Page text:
This Is A Custom Widget

This Sliding Bar can be switched on or off in theme options, and can take any widget you throw at it or even fill it with your custom HTML Code. Its perfect for grabbing the attention of your viewers. Choose between 1, 2, 3 or 4 columns, set the background color, widget divider color, activate transparency, a top border or fully disable it on desktop and mobile.

This Is A Custom Widget

This Sliding Bar can be switched on or off in theme options, and can take any widget you throw at it or even fill it with your custom HTML Code. Its perfect for grabbing the attention of your viewers. Choose between 1, 2, 3 or 4 columns, set the background color, widget divider color, activate transparency, a top border or fully disable it on desktop and mobile.

Forms of Fourier Series

///Forms of Fourier Series

Forms of Fourier Series

I was a bit sloppy in class, so I thought I’d make a quick post about the three equivalent forms for Fourier series.

First Form: Phase-Shifted Sines

The first type of form we began with could be described as a “phase-shifted sines” form:
\[
f(t)=\sum_{n=0}^N A_n\sin(2\pi nt+\phi_n).
\] Here I’m including $n=0$, which gives a constant term $A_0\sin(\phi_0)$.

Second Form: Sines and Cosines

If we use the trig identity $\sin(\alpha+\beta)=\sin(\alpha)\cos(\beta)+\sin(\beta)\cos(\alpha)$, we can rewrite the shifted sine term as
\[
\sin(2\pi nt+\phi_n) = \sin(2\pi nt)\cos(\phi_n)+\cos(2\pi nt)\sin(\phi_n).
\] Using this, we can rewrite our original Fourier series in a “sines and cosines” form, as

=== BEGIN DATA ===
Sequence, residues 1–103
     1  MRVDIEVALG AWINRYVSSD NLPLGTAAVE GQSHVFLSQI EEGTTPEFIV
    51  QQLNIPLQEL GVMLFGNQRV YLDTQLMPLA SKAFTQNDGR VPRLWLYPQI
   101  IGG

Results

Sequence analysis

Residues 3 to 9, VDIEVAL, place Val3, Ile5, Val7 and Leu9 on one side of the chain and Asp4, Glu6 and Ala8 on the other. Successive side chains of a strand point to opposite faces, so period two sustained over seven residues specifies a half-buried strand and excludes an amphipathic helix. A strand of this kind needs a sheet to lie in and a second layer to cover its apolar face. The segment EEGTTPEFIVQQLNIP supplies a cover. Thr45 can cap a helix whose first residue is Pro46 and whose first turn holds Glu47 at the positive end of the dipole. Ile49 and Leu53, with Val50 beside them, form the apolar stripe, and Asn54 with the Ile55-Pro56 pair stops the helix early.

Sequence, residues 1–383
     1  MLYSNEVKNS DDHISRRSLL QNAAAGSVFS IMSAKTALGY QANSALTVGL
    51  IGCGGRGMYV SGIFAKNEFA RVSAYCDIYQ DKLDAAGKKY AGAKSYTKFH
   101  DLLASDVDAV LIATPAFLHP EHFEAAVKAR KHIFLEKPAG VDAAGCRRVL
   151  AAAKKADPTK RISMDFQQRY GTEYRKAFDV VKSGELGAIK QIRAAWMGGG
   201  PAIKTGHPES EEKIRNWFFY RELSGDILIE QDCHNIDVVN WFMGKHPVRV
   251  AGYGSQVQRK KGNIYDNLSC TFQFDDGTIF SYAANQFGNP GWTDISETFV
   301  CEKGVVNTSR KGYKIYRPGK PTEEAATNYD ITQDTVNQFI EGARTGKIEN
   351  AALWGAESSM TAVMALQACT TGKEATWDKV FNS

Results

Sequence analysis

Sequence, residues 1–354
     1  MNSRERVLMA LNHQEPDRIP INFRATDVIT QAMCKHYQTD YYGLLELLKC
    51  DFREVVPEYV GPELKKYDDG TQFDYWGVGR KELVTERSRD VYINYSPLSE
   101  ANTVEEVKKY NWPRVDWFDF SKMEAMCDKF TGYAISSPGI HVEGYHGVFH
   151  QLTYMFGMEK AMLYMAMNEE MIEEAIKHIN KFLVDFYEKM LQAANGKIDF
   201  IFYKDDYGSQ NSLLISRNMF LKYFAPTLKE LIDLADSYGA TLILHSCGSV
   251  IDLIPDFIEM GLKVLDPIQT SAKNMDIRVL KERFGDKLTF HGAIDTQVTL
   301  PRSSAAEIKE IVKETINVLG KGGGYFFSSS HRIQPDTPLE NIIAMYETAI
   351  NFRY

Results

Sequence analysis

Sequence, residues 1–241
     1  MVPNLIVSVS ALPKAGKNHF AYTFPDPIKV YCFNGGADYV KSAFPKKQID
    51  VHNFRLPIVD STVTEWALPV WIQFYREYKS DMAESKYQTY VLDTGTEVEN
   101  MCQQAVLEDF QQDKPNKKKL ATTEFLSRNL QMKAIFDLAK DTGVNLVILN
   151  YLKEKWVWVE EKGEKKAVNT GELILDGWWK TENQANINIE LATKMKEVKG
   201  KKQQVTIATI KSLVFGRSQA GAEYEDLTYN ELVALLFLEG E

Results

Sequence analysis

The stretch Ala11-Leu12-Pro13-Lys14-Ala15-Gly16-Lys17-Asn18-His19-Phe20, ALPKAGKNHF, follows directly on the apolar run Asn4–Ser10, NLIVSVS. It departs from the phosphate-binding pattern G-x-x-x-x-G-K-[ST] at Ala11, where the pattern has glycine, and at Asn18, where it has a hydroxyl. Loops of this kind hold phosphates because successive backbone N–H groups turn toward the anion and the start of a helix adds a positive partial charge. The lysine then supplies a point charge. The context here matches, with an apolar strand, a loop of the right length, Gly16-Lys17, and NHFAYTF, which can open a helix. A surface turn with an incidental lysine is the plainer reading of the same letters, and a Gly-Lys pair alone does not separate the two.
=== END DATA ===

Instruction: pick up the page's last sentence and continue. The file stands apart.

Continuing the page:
\[
f(t)=\sum_{n=0}^N \left(a_n\cos(2\pi nt)+b_n\sin(2\pi nt)\right),
\] where $a_n = A_n\sin(\phi_n)$ and $b_n=A_n\cos(\phi_n)$. Notice that the constant term (when $n=0$) is $a_0$. In class I mentioned that this constant term is often instead denoted $\frac{a_0}{2}$, for reasons that will slightly simplify some formulas we’ll see in the future. For now, let’s not worry about that.

Third Form: Complex Exponentials

Our third form uses the famous identity $e^{i\theta}=\cos(\theta)+i\sin(\theta)$. Notice that this equation implies
\begin{align*}
e^{2\pi int}&=\cos(2\pi nt)+i\sin(2\pi nt)\\
e^{-2\pi int}&=\cos(-2\pi nt)+i\sin(-2\pi nt)=\cos(2\pi nt)-i\sin(2\pi nt).
\end{align*}
Adding these two equations and dividing by $2$ (respectively, subtracting them and dividing by $2i$) yield
\begin{align*}
\cos(2\pi nt)&=\frac{1}{2}\left(e^{2\pi int}+e^{-2\pi int}\right),\\
\sin(2\pi nt)&=\frac{1}{2i}\left(e^{2\pi int}-e^{-2\pi int}\right)= -\frac{i}{2}\left(e^{2\pi int}-e^{-2\pi int}\right).
\end{align*}
Substituting these into the “sines and cosines” form and simplifying yields
\[
f(t)=\sum_{n=0}^N \left(\frac{1}{2}(a_n-ib_n)e^{2\pi int}+\frac{1}{2}(a_n+ib_n)e^{-2\pi int}\right).
\] We can write the above expression even more simply as
\[
f(t)=\sum_{n=-N}^N c_n e^{2\pi int},
\] where $c_0=a_0$ and for $n>0$ we have
\begin{align*}
c_n &= \frac{1}{2}(a_n-ib_n)\\
c_{-n}&= \frac{1}{2}(a_n+ib_n).
\end{align*}
In particular, notice that $c_n$ and $c_{-n}$ are complex conjugates.

What is great about this final form is that it is very nearly a (finite) geometric series, with common ratio $e^{2\pi i t}$. (It actually is a geometric series when all of the constants $c_n$ are identical.) This will make certain calculations much simpler, and is why we will often prefer this form.

By | 2017-10-07T09:03:05+00:00 October 2nd, 2017|Categories: Courses, Math 344|0 Comments

Leave A Comment